Lyft partnered with the world leader in automotive software – which my Investment Opportunities subscribers have a stake in – and began offering self-driving public rides in the test market of Las Vegas in May 2018. The cars provide rides to more than 1,600 entertainment venues, restaurants, and destinations throughout the city. They drive themselves until entering a property, at which point the driver then takes control until it is back out on public streets.
So far, the numbers are encouraging. The companies say they have provided more than 30,000 rides with an average rating of 4.95 out of five stars.
Lyft’s partnerships don’t stop there. General Motors (GM) invested $500 million in the ride-sharing company in 2016 and today owns more than 18.6 million shares.
General Motors owns self-driving car company Cruise Automation, one of more than 50 businesses with a permit to test AVs on public roads in California. Together, Cruise and General Motors are ramping up to launch Cruise Anywhere, their own version of a ride-hailing app.
CEO Kyle Vogt has also said he is open to working with other companies in the ride-hailing business. Considering General Motors’ ownership stake in Lyft, that seems like a very logical possibility. The company’s goal is to launch AVs for ride-sharing services as early as this year.
We’re seeing the very beginnings of the trillion-dollar shift to Transportation 2.0 – and this trend could easily be headlined by the likes of Lyft and Uber.
Another small ride-hailing company, Gett, also announced intentions to go public later this year following Lyft’s announcement. It is expected to debut in either London or Israel, but CEO Dave Waiser said he wants to see how the Lyft IPO goes before making any final decisions.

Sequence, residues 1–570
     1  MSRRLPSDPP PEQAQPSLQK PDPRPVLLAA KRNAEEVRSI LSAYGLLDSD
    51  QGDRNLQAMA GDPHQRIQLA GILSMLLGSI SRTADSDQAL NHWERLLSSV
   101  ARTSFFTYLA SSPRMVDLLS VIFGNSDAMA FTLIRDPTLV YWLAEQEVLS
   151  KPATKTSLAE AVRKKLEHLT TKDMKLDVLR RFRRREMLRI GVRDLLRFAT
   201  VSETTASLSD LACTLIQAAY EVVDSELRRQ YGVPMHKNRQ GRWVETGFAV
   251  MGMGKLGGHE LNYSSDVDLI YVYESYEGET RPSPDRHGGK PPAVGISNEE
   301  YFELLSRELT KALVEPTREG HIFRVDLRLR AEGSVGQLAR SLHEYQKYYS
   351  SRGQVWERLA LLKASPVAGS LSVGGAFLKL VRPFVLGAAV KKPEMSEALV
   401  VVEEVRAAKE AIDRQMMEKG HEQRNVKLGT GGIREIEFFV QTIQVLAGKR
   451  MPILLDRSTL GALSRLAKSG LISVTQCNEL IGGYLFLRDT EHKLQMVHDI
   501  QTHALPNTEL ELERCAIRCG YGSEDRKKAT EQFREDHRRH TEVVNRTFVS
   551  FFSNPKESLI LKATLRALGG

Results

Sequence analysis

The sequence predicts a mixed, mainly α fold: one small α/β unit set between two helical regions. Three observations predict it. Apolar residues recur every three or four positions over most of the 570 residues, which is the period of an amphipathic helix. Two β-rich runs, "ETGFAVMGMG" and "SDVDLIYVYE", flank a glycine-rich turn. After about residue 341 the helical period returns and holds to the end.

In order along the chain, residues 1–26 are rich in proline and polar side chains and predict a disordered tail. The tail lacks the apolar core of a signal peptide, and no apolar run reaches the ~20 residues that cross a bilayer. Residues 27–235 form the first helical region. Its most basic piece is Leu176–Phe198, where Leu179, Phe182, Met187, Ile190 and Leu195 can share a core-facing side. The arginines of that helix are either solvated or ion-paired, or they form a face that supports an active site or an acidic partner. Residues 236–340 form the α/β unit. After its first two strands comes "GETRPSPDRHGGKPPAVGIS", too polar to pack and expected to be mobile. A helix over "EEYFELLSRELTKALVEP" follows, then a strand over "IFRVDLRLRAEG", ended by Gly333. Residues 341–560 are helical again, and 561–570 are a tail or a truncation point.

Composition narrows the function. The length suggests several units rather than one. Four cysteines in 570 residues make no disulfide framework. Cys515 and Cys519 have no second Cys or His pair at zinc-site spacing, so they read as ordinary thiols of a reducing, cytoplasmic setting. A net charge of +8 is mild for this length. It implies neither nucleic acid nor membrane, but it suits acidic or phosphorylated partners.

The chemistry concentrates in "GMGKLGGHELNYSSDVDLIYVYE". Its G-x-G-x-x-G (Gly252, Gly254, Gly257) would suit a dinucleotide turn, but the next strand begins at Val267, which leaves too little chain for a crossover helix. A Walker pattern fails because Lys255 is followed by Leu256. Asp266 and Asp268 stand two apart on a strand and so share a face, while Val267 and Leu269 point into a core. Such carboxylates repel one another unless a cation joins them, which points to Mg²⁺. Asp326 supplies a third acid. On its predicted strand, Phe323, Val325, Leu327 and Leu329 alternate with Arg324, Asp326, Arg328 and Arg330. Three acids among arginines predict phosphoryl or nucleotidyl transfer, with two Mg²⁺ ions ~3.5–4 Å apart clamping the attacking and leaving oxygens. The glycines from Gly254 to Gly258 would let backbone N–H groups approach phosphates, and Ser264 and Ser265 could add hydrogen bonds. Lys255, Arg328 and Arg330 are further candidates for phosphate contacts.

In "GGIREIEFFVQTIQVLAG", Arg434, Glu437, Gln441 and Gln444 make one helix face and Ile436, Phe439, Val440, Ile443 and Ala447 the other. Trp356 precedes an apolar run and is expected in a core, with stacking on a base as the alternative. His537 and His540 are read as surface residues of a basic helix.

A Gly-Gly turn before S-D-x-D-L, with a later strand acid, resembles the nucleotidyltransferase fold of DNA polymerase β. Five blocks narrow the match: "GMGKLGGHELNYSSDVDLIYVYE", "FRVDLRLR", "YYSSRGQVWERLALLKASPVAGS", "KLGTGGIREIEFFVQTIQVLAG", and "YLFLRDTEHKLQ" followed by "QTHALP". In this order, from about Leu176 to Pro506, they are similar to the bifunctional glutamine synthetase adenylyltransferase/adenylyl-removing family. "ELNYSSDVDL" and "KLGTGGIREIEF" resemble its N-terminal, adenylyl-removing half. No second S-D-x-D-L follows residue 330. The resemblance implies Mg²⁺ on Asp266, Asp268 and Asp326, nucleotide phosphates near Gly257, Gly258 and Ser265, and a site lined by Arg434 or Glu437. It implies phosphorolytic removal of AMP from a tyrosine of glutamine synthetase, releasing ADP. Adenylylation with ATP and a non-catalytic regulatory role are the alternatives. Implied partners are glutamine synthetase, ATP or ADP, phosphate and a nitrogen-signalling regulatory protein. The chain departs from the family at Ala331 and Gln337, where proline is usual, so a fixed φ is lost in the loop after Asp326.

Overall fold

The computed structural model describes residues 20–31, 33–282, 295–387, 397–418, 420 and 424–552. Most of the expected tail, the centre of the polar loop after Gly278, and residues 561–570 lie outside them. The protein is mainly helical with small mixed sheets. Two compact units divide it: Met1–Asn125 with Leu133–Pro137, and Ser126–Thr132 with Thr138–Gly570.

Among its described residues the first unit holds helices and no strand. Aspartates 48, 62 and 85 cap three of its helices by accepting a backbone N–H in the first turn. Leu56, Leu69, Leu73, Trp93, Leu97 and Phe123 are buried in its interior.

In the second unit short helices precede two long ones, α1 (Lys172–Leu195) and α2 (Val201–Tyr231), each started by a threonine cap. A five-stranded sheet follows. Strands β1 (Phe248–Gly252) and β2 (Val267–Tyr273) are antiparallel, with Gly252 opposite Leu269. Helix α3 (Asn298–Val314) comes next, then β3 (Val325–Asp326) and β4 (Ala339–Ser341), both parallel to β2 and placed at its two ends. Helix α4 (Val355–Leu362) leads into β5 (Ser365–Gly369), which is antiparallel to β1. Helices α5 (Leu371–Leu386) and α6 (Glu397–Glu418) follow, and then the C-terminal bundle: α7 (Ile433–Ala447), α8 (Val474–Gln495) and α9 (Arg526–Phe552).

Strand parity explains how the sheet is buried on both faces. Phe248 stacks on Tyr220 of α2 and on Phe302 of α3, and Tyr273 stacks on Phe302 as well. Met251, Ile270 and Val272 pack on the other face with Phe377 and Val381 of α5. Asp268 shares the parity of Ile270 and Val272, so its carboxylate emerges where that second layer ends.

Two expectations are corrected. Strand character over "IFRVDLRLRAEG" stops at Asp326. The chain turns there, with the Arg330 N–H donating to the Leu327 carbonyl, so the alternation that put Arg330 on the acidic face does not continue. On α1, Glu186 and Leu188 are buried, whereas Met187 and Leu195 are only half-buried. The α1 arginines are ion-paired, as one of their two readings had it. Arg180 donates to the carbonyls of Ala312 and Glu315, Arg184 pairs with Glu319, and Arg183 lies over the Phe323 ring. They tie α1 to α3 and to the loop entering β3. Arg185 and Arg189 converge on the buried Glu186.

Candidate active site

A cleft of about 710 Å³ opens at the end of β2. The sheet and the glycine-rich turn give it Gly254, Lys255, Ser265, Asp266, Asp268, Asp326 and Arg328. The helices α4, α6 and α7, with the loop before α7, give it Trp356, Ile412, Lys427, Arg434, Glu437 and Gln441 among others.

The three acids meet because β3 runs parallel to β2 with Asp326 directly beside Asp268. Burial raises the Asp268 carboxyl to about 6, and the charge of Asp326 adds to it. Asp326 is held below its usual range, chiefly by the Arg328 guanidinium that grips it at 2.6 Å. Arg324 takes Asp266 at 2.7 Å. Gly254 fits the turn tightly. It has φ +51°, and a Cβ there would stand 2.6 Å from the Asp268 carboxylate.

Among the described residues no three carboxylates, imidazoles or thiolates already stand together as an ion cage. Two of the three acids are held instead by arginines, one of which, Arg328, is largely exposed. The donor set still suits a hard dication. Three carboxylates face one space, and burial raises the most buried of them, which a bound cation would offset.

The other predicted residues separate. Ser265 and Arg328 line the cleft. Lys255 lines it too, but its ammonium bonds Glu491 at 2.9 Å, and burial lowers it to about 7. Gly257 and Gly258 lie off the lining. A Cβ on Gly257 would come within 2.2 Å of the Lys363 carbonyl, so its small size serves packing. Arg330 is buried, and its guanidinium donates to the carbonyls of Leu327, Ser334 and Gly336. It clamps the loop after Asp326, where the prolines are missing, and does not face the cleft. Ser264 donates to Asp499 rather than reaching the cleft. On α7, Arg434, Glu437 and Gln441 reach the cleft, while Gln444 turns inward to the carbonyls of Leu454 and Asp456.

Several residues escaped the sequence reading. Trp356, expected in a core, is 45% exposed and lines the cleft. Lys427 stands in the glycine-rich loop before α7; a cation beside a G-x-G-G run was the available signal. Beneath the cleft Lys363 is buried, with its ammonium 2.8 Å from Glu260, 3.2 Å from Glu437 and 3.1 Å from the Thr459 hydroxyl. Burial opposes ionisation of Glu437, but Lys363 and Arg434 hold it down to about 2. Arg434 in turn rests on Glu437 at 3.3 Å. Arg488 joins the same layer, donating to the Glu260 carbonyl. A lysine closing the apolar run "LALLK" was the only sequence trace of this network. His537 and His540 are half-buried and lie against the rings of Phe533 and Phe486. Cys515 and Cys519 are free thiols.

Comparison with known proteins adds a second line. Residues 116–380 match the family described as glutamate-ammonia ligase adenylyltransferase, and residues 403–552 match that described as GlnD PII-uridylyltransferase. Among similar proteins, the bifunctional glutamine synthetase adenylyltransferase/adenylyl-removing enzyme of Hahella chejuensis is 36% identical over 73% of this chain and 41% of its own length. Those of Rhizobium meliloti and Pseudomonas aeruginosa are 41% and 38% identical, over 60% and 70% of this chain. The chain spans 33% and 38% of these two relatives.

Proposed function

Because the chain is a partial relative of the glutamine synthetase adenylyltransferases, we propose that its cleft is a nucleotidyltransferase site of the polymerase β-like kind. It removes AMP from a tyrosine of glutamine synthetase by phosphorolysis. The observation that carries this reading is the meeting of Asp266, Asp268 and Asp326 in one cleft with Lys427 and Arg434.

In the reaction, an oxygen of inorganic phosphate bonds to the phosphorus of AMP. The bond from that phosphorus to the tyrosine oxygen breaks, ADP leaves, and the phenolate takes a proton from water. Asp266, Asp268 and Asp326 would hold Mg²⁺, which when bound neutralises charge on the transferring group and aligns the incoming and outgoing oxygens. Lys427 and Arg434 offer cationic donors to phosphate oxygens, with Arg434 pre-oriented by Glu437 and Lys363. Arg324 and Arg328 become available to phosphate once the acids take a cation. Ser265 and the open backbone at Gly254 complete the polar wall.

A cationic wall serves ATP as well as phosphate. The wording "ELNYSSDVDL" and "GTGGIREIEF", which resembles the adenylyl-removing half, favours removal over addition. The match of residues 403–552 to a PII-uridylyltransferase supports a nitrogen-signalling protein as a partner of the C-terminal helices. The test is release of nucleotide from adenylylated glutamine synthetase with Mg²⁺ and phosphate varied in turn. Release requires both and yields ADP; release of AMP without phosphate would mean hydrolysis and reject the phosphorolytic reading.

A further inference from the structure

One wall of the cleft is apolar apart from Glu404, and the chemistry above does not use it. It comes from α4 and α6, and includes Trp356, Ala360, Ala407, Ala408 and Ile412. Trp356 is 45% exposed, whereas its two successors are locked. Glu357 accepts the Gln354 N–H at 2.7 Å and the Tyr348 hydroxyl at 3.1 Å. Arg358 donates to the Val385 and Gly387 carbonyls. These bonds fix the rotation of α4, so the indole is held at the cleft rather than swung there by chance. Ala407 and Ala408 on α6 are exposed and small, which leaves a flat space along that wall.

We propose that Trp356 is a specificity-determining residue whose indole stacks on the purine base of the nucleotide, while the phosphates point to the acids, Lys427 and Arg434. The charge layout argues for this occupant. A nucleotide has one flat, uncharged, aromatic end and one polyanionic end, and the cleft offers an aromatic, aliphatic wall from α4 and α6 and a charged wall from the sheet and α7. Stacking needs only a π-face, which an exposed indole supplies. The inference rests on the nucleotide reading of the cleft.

Even with all of the attention surrounding these long-awaited market debuts, these are the not the companies you want to invest in to stake your claim in the self-driving mega-trend. At least not yet.
Both Lyft and Uber are not currently profitable. That isn’t the end of the world. Most early-stage companies take years to turn their first profit as they reinvest in growing their businesses. However, it does make things trickier when analyzing an IPO.
Lyft wants to fetch a valuation of up to $23 billion when it enters the stock market. And Uber will be seeking much, much more… a valuation upwards of $120 billion!
I’m staying away from both IPOs for now, but I rarely buy any right away. Even with my Cannabis Cash Calendar system, which focuses on recently public marijuana companies, I typically watch stocks for a period of time before identifying the right time to buy. (Our first recommendation is up 95% in less than four months.)
That doesn’t mean there will never be a time to buy Lyft, Uber, or both. I hated Facebook (FB) in its early years until it started making money. Now it’s in much better shape, and I expect it to remain a technology giant for years and years to come.
As we watch Lyft and Uber, we are much better off investing in companies that will supply the next-generation robo-taxis. Rather than trying to pick the winner of the industry, we can make money off the companies that will benefit no matter what.
I’ve recommended several such companies to my Investment Opportunities subscribers. The most recent came just two weeks ago, so I can’t give you all of the details here. I can say it is a big player in supplying computer chips for AVs, and it is already up more than 20%!
The disruption of this industry is just now beginning. It will lead to trillions of dollars moving from the old to the new. Smart investors will make the right moves now and ride as much of the coming wave as possible.
P.S. I believe the coming AV revolution is one of the biggest investment opportunities we’ll ever see.
As autonomous vehicles go mainstream, I’m absolutely convinced their adoption will create huge fortunes at incredible rates of speed. If you can claim a small stake in the companies developing this technology now, you could benefit from one of the rarest, most powerful economic forces in history.
I’ve spent hundreds of hours analyzing the industry, and you can get all my research on this mega-trend – including the absolute best AV stocks to own today for big profits tomorrow.